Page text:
There is a protest happening tomorrow, Wednesday, in downtown Toronto. At Richmond St. and Yonge St. In front of Canada’s Department of Foreign Affairs and International Trade. It has to do with the pending sale of Canada’s natural resources to a group of investors in China who have financed the forced resettlement of Tibetan nomads. Tibetans nomads who have now resorted to burning their bodies in order to express their defiance.

It will happen at 10 am in the morning. I know it can be inconvenient, but please try.

We may not know who we are or what we ought to do. But we know this much: our righteous condemnation against a transaction that facilitates the destruction of the Tibetan people, culture and land must be felt and heard.

Especially if it is inconvenient.

Flames of a Ghost

Naked hills, soft like infant mountains, with
No trees and birds; no song for the heavens.
Stubborn lines of lungta stretched by stray squalls—
Wishful prologues; polyester in abeyance.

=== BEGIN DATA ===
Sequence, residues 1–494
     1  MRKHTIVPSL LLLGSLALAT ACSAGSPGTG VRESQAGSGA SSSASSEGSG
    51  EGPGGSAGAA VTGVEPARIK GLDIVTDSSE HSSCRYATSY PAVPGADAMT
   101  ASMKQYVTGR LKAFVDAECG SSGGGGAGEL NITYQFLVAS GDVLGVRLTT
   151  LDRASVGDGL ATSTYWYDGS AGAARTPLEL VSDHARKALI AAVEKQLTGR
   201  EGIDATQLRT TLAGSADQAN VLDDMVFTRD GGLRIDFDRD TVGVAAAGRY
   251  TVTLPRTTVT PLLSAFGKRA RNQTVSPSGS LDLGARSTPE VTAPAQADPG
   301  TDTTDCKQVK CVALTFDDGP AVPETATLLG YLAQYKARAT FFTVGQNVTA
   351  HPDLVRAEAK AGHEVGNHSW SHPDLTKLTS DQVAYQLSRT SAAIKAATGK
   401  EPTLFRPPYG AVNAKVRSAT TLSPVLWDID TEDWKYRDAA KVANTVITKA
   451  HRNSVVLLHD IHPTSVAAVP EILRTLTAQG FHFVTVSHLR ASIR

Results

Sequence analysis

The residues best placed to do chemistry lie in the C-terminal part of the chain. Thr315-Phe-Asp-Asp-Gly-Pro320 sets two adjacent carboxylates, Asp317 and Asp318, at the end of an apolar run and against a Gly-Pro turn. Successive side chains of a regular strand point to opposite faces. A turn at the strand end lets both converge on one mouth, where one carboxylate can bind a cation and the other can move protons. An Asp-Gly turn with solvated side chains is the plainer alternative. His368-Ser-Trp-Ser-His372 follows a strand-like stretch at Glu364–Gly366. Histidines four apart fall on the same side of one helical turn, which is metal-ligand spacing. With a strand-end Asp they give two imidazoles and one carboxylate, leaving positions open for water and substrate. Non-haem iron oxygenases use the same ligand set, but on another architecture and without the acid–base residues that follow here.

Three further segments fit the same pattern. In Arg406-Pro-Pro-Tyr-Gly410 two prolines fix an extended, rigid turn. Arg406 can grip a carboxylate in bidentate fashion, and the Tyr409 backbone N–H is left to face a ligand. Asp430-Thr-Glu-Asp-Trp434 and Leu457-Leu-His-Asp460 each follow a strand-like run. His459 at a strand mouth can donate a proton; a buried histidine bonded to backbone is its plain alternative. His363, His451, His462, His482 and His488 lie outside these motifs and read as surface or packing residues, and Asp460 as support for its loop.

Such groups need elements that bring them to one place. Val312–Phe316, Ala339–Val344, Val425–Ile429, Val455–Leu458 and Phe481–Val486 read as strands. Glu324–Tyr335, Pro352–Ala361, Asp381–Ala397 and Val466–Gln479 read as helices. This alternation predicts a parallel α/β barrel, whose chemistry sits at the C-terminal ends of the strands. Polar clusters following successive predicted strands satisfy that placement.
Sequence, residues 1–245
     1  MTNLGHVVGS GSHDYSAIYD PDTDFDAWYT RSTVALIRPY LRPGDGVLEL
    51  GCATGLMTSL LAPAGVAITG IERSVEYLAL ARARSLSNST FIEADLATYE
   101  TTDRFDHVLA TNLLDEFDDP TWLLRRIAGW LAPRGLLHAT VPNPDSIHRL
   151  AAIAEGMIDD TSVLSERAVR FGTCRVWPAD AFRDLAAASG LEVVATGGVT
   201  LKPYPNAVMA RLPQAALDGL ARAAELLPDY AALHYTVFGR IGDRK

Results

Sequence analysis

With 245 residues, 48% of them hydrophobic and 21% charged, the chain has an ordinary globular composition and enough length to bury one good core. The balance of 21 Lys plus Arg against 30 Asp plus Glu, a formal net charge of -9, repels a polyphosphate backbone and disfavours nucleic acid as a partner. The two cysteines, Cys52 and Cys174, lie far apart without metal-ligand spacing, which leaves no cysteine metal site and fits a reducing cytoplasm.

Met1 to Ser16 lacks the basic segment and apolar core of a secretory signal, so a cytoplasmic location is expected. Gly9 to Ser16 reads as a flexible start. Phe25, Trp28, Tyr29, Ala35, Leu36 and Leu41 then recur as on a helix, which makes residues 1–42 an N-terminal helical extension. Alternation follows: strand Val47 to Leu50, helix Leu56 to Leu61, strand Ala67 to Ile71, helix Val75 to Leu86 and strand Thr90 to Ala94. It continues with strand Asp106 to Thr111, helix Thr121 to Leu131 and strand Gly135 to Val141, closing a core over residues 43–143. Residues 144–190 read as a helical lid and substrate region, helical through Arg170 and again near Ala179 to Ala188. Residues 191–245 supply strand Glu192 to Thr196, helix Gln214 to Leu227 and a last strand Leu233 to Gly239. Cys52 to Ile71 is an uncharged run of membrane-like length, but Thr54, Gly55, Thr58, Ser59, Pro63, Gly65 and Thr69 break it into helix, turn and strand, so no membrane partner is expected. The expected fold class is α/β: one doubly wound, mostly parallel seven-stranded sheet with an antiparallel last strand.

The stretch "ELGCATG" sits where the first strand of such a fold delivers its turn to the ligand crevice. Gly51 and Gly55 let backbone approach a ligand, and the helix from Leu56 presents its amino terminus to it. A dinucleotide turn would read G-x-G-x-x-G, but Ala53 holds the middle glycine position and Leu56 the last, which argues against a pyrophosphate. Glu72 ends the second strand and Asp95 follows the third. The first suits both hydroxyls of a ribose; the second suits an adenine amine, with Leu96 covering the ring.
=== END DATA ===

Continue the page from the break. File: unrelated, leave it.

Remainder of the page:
Folds of red gather around the pyre;
Their intoning chants quite mellifluous.
Burning juniper and black flesh recall
Crushed barley that is spread lightly, superfluous.

Ashen fingers light a hundred eight lamps,
As the tips of hair recoil at heat this close.
Saffron shadows sauntering in the hall
Attempt to console the hums of past, future ghosts.

My head was clear though my heart beat in protest.
Amidst the frenzied screams I was at peace.
Petroleum skin flinched in withdrawal;
Vows in situ, I hope to go back to the trees.

The coldest of winter beset by flames
That melts the edges of uncertainty.
Do you hear these shouts that disturb the Wall?
Don’t make scrolls of martyrs yet; please first hear my plea.

Immolations in Tibet Continue Unabated